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  • New Constitution-making process - Index of articles

  • Launch of the Independent Constitution Monitoring Project (ZZZICOMP)
    Zimbabwe Peace Project (ZPP), Zimbabwe Election Support Network (ZESN) and Zimbabwe Lawyers for Human Rights (ZLHR)
    January 27, 2010

    For over a decade, Zimbabweans have demanded a new, democratic and people-driven constitution. In signing the Interparty Political Agreement (IPA), Zimbabwe's political leaders acknowledged in Article 6 that "it is a fundamental right and duty of the Zimbabwean people to make a constitution by themselves and for themselves" and "that the process of making this constitution must be owned and driven by the people and must be inclusive and democratic".

    It is in this context that the Zimbabwe Peace Project (ZPP), Zimbabwe Election Support Network (ZESN) and Zimbabwe Lawyers for Human Rights (ZLHR) Independent Constitution Monitoring Project (ZZZICOMP) has been set up to independently assess and evaluate the Article 6 constitution-making process against established principles, benchmarks and standards of constitutionalism and constitution-making, including openness and transparency, inclusivity, legitimacy, accessibility and receptiveness.

    ZZZICOMP's goal is to objectively monitor, observe and report on the work of the Constitution Parliamentary Select Committee (COPAC), the public outreach programme, the work of the Thematic Committees and the Drafting Committee, and the final document produced in order to adjudge how democratic and transparent the constitution-making process is, and if it accurately reflects the input of broad and diverse popular participation.

    The three partners in ZZZICOMP are non-partisan, independent and professional organisations whose main functions are to promote peace, promote democratic elections and to foster a culture of human rights and constitutionalism in Zimbabwe. None of the organisations are formally participating in the constitution-making process through representation in the outreach teams, the Thematic Committees, or the Drafting Committee, and so believe they will be able to engage in effective collaboration to independently monitor the constitution-making process and to contribute to increased public confidence in the outcome of such monitoring.

    Already 420 monitors, as well as further provincial coordinators and other key personnel have been trained for this project. They are now on the ground across the country observing the operating environment in general, and are ready to commence the more intensive monitoring once the outreach teams have been deployed. They are dispersed nationwide in order to systematically gather information during the consultative processes, to comment on the operating environment and any breaches of the IPA in relation to the process, and to highlight any violations, violence, or other discrepancies which occur in the constituencies and wards in which they are operating.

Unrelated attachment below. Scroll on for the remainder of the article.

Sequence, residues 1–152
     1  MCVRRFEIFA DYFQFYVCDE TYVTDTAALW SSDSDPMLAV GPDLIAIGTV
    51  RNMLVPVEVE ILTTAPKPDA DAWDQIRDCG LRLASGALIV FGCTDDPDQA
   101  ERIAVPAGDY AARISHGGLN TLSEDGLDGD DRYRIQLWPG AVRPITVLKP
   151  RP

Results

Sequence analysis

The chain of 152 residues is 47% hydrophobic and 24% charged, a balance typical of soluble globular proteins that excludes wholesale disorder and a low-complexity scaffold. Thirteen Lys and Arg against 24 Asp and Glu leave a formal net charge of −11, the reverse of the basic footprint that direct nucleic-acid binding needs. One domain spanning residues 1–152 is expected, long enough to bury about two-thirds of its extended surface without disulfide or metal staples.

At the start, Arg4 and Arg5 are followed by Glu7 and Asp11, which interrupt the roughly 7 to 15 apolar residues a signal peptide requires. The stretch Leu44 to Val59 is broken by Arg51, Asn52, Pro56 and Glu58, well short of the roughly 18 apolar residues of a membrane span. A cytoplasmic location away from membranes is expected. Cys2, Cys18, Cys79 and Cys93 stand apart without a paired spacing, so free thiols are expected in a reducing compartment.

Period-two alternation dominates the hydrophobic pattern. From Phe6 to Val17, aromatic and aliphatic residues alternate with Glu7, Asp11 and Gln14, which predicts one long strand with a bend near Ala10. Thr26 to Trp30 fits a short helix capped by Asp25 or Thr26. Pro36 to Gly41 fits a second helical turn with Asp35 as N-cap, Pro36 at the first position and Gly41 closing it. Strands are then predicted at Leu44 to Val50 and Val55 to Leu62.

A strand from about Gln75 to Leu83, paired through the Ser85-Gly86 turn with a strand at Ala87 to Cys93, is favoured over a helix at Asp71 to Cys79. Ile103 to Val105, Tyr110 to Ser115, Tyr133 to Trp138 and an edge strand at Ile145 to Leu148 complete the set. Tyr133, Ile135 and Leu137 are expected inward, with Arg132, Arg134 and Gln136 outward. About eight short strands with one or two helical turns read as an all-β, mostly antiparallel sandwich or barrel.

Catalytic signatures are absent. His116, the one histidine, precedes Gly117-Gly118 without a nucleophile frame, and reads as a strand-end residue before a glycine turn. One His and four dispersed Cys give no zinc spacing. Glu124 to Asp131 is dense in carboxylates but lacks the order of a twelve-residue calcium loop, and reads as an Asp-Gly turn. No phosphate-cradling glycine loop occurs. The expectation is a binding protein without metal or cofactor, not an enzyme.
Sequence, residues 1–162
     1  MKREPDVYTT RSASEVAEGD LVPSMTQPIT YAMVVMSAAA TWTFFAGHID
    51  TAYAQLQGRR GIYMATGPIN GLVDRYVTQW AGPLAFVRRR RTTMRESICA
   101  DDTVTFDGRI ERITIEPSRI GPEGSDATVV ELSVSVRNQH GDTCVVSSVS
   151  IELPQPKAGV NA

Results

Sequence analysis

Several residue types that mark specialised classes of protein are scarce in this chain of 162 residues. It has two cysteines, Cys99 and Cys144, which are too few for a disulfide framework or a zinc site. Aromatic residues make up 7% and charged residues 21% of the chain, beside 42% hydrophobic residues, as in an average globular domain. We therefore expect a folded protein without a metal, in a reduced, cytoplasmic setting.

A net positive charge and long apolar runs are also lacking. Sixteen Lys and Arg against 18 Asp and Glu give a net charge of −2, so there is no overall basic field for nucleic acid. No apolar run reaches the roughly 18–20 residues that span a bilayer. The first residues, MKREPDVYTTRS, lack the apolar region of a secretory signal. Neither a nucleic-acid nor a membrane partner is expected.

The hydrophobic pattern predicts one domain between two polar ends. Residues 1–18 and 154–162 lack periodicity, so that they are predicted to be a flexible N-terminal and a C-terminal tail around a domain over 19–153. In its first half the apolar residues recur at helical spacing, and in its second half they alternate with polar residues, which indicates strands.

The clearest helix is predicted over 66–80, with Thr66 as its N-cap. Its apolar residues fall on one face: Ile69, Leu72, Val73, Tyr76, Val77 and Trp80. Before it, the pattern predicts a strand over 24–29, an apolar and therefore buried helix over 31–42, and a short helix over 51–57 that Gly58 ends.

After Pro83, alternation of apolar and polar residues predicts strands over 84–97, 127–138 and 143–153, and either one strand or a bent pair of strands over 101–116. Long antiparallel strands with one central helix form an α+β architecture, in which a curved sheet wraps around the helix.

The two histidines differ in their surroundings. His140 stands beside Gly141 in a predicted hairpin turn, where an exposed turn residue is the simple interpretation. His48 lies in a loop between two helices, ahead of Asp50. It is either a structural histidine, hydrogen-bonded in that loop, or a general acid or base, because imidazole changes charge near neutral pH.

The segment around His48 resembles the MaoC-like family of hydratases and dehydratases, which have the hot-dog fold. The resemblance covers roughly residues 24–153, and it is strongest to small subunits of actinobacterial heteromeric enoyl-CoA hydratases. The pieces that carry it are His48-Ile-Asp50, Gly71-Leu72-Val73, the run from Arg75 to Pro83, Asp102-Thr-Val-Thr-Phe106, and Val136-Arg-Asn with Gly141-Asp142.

The monitoring of the constitution-making process will also act as a confidence-building measure for the people by holding those leading the process to account and insisting on greater transparency, pressuring for a conducive operating environment, availability of diverse information relating to constitution-making, and ensuring that the draft constitution ultimately produced is a true reflection of the input provided by those participating in consultative and outreach processes.

    ZZZICOMP is mindful that the IPA is a political compromise document and excludes civil society and the general public in its intent, formulation and implementation. This means that ZZZICOMP has a critical role to play in consistently scrutinizing the constitution-making process, offering encouragement if and where any positive progress is attained, but ultimately holding parties accountable where they fail to adhere to the scope and spirit of Article 6 of the IPA.

    We stress that the constitution-making process must comply not only with the provisions of Article 6 of the IPA but with Zimbabwe's regional and international obligations and established norms, standards and best practices which will entrench constitutionalism, respect for the rule of law and democracy. It is against this that the Article 6 process will ultimately be judged.

    ZZZICOMP will be producing regular updates and monthly monitoring reports which will be widely distributed for use by all who have an interest in the constitution-making process.

    Because of ZZZICOMP's representative grassroots structures and proficiency in monitoring and observation, we believe that we remain a critical voice for a large portion of the Zimbabwean population who have seen their voices and wishes in relation to constitution-making in Zimbabwe silenced twice before in our history, and are wary of being manipulated in the same way once again.